Cassini Image Mosaic: A Farewell to Saturn

A Farewell to Saturn
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NASA has released a breathtaking final mosaic image of Saturn, captured by the Cassini mission just two days before its final dive into the Saturnian atmosphere, where the spacecraft become a shooting star in the skies of the planet that it had studied for thirteen years. The Cassini team has released a mosaic captured by the wide-angle camera on the spacecraft.”A Farewell to Saturn” The image includes some moons of Saturn, Prometheus, Pandora, Janus, Epimetheus, Mimas and Enceladus.

A Farewell to Saturn

Some moons of Saturn can be seen in the image. Image: NASA.

Cassini has beamed back so many images and observations, that the science” Farewell to Saturn” and image processing are sufficient to keep astronomers busy for at least another sixty years. The Cassini team had been planning on constructing this final view of the planet for years. The images processed into the mosaic were among the final set of images captured of the gas giant till another spacecraft goes on a mission to Saturn. For those in the Cassini team who also worked on the Voyager 1 mission, the experience of compiling the image was similar to that of obtaining the final image of Saturn captured by the Voyager 1 Spacecraft.

The probe snapped a series of images that has been assembled into a new mosaic.

Imaging scientists stitched these frames together to make a natural colour view. The scene also includes the moons Prometheus, Pandora, Janus, Epimetheus, Mimas and Enceladus.

“Cassini’s scientific bounty has been truly spectacular a vast array of new results leading to new insights and surprises,” Farewell to Saturn” from the tiniest of ring particles to the opening of new landscapes on Titan and Enceladus to the deep interior of Saturn itself,” said Robert West, Cassini’s deputy imaging team leader at NASA’s Jet Propulsion Laboratory in the US.

The Cassini imaging team had been planning this special farewell view of Saturn for years. For some, when the end finally came, it was a difficult goodbye.

“It was all too easy to get used to receiving new images from the Saturn system on a daily basis, seeing new sights, watching things change,” said Elizabeth Turtle, an imaging team associate at the Johns Hopkins University Applied Physics Laboratory in the US.

“For 37 years, Voyager 1’s last view of Saturn has been, for me, one of the most evocative images ever taken in the exploration of the solar system,” said Carolyn Porco, former Voyager imaging team member and Cassini’s imaging team leader at the Space Science Institute in Boulder, “Farewell to Saturn”Colorado. “In a similar vein, this ‘Farewell to Saturn’ will forevermore serve as a reminder of the dramatic conclusion to that wondrous time humankind spent in the intimate study of our Sun’s most iconic planetary system.”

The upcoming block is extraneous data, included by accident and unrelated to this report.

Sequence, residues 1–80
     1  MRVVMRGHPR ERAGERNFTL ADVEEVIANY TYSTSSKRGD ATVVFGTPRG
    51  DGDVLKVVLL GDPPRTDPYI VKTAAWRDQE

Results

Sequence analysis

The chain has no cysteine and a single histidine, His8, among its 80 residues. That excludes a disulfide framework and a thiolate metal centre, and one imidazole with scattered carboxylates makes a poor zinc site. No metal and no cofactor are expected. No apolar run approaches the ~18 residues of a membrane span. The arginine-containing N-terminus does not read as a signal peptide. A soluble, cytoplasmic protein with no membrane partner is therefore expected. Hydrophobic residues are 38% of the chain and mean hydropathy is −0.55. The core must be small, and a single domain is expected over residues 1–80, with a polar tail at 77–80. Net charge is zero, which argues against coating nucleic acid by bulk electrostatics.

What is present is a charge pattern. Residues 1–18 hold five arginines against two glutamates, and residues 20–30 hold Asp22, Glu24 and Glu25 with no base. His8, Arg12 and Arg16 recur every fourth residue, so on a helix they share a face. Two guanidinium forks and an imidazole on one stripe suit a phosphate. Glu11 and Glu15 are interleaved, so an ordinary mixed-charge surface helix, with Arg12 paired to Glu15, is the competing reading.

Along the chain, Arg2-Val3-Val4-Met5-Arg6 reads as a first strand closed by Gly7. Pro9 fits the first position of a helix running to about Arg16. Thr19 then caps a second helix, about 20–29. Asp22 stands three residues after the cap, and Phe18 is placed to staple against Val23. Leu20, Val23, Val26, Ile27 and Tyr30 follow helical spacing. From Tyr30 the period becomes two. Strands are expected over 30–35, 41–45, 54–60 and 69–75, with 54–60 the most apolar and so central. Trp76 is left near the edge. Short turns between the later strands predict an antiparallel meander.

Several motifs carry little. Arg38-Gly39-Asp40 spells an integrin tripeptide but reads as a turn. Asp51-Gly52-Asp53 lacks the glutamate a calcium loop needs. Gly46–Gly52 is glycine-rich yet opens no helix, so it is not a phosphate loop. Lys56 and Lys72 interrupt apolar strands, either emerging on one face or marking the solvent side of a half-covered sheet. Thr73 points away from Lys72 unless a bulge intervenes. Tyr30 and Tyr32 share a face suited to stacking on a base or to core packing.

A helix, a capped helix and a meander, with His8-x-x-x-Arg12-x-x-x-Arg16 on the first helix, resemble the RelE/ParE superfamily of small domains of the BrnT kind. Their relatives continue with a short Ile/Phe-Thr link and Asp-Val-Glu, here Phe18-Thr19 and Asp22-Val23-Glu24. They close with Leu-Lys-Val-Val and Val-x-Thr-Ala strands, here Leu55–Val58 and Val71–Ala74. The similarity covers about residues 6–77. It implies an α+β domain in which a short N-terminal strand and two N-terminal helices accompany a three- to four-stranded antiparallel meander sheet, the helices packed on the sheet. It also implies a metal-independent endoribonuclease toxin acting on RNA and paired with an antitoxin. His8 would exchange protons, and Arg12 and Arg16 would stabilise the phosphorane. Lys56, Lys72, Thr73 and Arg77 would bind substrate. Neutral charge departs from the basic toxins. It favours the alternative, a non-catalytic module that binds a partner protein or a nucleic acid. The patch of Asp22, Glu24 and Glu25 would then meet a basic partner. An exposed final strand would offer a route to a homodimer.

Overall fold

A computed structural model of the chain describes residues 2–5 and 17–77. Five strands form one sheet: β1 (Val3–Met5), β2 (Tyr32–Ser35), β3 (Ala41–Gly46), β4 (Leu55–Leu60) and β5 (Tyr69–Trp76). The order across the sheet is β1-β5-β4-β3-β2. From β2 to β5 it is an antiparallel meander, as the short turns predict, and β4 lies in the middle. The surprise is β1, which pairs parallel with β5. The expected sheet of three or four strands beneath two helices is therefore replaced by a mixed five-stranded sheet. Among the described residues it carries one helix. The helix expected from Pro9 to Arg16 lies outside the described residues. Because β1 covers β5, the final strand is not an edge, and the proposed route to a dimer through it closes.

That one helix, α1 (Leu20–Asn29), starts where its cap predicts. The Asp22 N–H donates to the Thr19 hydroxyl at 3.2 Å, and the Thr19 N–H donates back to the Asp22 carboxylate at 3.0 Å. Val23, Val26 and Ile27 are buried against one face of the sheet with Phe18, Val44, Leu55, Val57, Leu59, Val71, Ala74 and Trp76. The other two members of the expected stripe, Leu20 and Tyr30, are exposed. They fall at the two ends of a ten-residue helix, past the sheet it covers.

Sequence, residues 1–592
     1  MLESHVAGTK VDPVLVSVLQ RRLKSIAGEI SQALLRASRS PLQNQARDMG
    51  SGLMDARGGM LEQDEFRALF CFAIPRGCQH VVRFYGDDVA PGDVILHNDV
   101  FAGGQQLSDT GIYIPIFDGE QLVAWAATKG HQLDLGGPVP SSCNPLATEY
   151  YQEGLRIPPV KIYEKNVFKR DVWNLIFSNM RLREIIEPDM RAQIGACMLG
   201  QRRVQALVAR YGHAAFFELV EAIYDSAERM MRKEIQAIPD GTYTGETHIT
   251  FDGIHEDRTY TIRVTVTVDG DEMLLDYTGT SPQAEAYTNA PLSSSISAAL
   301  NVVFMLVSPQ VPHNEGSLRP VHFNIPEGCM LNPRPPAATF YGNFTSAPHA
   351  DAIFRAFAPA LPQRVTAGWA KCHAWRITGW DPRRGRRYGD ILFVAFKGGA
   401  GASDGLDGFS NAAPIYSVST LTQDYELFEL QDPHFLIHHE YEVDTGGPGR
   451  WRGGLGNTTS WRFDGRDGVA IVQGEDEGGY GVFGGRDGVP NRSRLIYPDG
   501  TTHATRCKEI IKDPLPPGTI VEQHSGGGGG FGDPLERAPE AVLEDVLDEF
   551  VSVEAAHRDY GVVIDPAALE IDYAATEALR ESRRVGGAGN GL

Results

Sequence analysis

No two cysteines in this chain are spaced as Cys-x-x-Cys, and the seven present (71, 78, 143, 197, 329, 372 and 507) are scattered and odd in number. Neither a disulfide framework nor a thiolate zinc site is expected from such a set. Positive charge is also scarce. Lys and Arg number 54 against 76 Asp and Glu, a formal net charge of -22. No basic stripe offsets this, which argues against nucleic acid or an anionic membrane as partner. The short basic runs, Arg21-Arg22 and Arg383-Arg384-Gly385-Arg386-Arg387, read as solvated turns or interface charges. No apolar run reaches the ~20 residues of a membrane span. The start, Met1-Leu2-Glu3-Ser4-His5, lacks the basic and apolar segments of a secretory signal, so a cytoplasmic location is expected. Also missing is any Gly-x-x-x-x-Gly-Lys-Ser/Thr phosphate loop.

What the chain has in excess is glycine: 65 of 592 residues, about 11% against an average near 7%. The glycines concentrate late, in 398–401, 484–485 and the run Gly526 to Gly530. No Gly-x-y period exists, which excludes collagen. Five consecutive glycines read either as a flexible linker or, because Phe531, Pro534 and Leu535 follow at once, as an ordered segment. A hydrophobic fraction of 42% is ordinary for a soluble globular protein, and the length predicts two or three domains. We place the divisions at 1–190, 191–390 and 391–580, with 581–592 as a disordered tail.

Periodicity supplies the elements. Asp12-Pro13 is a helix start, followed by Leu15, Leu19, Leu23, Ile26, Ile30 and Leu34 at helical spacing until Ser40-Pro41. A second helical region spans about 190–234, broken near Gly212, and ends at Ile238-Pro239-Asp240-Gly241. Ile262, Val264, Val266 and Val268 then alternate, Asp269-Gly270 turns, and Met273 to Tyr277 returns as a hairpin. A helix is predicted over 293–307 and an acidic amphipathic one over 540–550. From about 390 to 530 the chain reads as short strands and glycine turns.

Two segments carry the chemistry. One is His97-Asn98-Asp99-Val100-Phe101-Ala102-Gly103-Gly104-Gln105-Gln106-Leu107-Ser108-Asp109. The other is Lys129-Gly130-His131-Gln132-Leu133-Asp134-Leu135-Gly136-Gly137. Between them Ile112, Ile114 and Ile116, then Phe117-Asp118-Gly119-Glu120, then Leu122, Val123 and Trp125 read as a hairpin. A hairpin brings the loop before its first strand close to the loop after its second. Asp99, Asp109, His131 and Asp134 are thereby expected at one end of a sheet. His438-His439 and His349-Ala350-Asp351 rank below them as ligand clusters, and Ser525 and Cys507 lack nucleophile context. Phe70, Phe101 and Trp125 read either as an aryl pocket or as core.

Launched in 1997, the Cassini spacecraft orbited Saturn from 2004 to 2017. The mission made numerous dramatic discoveries, including the surprising geologic activity on Saturn’s moon Enceladus and liquid methane seas on Saturn’s largest moon, Titan. Cassini ended its journey with a dramatic plunge into Saturn’s atmosphere on Sept. 15, 2017, returning unique science data until it lost contact with Earth.

 

For others, Cassini’s farewell to Saturn is reminiscent of another parting from long ago.

“For 37 years, Voyager 1’s last view of Saturn has been, for me, one of the most evocative images ever taken in the exploration of the solar system,” said Carolyn Porco, former Voyager imaging team member and Cassini’s imaging team leader at the Space Science Institute in the US.

“In a similar vein, this ‘Farewell to Saturn’ will forevermore serve as a reminder of the dramatic conclusion to that wondrous time humankind spent in the intimate study of our Sun’s most iconic planetary system,” said Porco.

Launched in 1997, the Cassini spacecraft orbited Saturn from 2004 to 2017.

“Farewell to Saturn”The mission made numerous dramatic discoveries, including the surprising geologic activity on Saturn’s moon Enceladus and liquid methane seas on Saturn’s largest moon, Titan.

Cassini ended its journey with a dramatic plunge into Saturn’s atmosphere on September 15, this year, returning unique science data until it lost contact with Earth.

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